Specific to a La Niña the NAO becomes even more important. Baltimore rarely gets any snow of significance in a Nina without NAO help. I’ve not run the numbers but it’s likely similar for most of the region. It’s makes sense..in a Nina the pacific ridge is likely to be too far west to get er done all by itself. Add in a lack of STJ and fast NS jet and it makes sense that without the NAO buckling the flow in our favor we would be SOL. 

If you look back at La Nina winters in the NYC metro area, they are also screwed without AO/NAO assist. All the good La Niña winters were predominantly negative AO/NAO, the bad ones were predominantly positive AO/NAO

Share this post


Link to post
Share on other sites

With regard to the AO and Nina winters, there have been 41 -AO winters since 1950-51. Among those 41, 11 occurred during La Nina years, 14 occurred during El Nino, and 16 in ENSO-neutral. By percentage, this comes out to, 52.3% of La Nina years (11/21), 53.8% of El Nino years (14/26), and 69.5% (16/23) ENSO-neutral winters. 

Among those 21 La Nina years at DCA, the average snowfall is 12.0", below the 1981-2010 average of 15.4". In +AO years, the average is just 8.8" with only one season (1971-1972) finishing above average (1999-2000 was exactly average). In -AO Nina years, the average is 14.4", however only 3 out of 11 featured above average snowfall. If you remove the massive outlier of 1995-96, the average falls to just 11.2".

For BWI, those numbers don't get much better. In fact, they arguably paint a bleaker picture. Among those 21 La Nina years at BWI, the average snowfall is 16.0", below the 1981-2010 average of 20.1". In +AO years, the average is just 12.1" with only one season (1999-2000) finishing above average. In -AO Nina years, the average is 18.9", however only 1 out of 11 featured above average snowfall and it's, you guessed it, 1995-96. If you remove the massive outlier of 1995-96, the average falls to just 14.5". 

If you break it down by month, in Nina winters at DCA, 4/21 Decembers have seen above average snowfall (3/4 in -AO years), 7/21 Januarys (4/7 in -AO years), and 4/21 Februarys (2/4 in -AO years). At BWI, it's 7/21 Decembers (5/7 in -AO years), 8/21 Januarys (5/8 in -AO years), and 5/21 Februarys (4/5 in -AO years).

Long story short, historically speaking, La Ninas are no bueno for the Mid-Atlantic, which should not come as a surprise. Clearly Atlantic blocking helps, as PSU outlined, but still an uphill battle from there. I'd be interested to see how the Pacific numbers shake up too - I imagine the +AO years had at least a semblance of +PNA/-EPO/-WPO. 

  • Like 5
  • Thanks 2

Share this post


Link to post
Share on other sites

@Winter Wizard

what sticks out for our area is when you look at each snowfall event you find that even the ones in a +AO/NAO Nina came during a period of blocking within the +AO. 2000 was a good example. All the snow came during a 10 day period with blocking. The rest of the winter was virtually snowless. 

  • Thanks 1

Share this post


Link to post
Share on other sites
1 hour ago, Scraff said:

In DT we trust. :weenie:

DT lol Has he gotten a winter forecast right in the last 4 years? I lost all respect for him when I saw him wish cancer on someone who disagreed with him a few years back

  • Like 1

Share this post


Link to post
Share on other sites

Read on Twitter earlier that Henry Margusity is supposedly hyping on his paid site that there’s a classic tripole in the Atlantic SSTs that will lead to a -NAO winter....if true, not sure what he’s looking at, but we have anything but a classic tripole right now:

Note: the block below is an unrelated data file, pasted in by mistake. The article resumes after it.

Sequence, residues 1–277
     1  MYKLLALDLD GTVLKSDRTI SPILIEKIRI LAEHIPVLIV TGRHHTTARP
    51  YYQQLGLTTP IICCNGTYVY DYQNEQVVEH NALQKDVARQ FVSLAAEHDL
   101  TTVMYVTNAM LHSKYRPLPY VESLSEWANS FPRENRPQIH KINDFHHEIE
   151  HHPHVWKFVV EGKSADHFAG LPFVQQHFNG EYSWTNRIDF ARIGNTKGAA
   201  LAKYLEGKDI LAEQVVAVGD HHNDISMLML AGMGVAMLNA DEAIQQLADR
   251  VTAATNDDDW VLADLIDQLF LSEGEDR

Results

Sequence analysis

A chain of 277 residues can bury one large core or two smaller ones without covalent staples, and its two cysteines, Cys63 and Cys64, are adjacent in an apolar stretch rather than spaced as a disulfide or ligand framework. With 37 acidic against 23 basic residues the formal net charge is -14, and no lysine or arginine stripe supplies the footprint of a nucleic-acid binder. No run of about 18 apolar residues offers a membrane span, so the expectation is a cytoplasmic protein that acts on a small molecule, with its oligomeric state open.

VS what we have:  cdas-sflux_ssta_atl_1.png

Share this post


Link to post
Share on other sites
27 minutes ago, snowman19 said:

Read on Twitter earlier that Henry Margusity is supposedly hyping on his paid site that there’s a classic tripole in the Atlantic SSTs that will lead to a -NAO winter....if true, not sure what he’s looking at, but we have anything but a classic tripole right now: 

VS what we have:  cdas-sflux_ssta_atl_1.png

Why do people continue to commit intellecutal suicide by reading Henry?

  • Like 2

Share this post


Link to post
Share on other sites
5 hours ago, snowman19 said:

DT lol Has he gotten a winter forecast right in the last 4 years? I lost all respect for him when I saw him wish cancer on someone who disagreed with him a few years back

To be fair, I think most have done poorly the past couple of years. I know raindance and Tom hit last year.....about it.

But NOONE forecasted the level of atrocity that unfolded throughout January and February of 2020.

  • Like 2

Share this post


Link to post
Share on other sites
On 10/23/2020 at 1:19 PM, psuhoffman said:

@Winter Wizard

what sticks out for our area is when you look at each snowfall event you find that even the ones in a +AO/NAO Nina came during a period of blocking within the +AO. 2000 was a good example. All the snow came during a 10 day period with blocking. The rest of the winter was virtually snowless. 

I could see something like that this season. I really like 2000 as an analog, too....prob +3 on my big three list.

Share this post


Link to post
Share on other sites
1 hour ago, 40/70 Benchmark said:

Could anyone in here post the UK and CFS forecast for la nina? I have only been able to find the plumes...I'm looking for the SST anomaly maps.

Thanks.

I’m looking now....I know it was said that both models are forecasting a strong La Niña, if I find it, I’ll give you the links right away 

Share this post


Link to post
Share on other sites
2 hours ago, 40/70 Benchmark said:

I could see something like that this season. I really like 2000 as an analog, too....prob +3 on my big three list.

I see the similarities. And while 2000 was one of the best snowfall Nina’s in our area I also think expecting a repeat of that 2 week stretch in January is risky. We torched with no chance at snow the entire rest of that winter.  What if that short period of blocking didn’t happen. Or what if we simply didn’t get lucky and nothing came of it. I tend to think of the outcome that season as more lucky than good. A repeat could end up a disaster. Please convince me otherwise though. I could use some optimism. 

Share this post


Link to post
Share on other sites
13 minutes ago, psuhoffman said: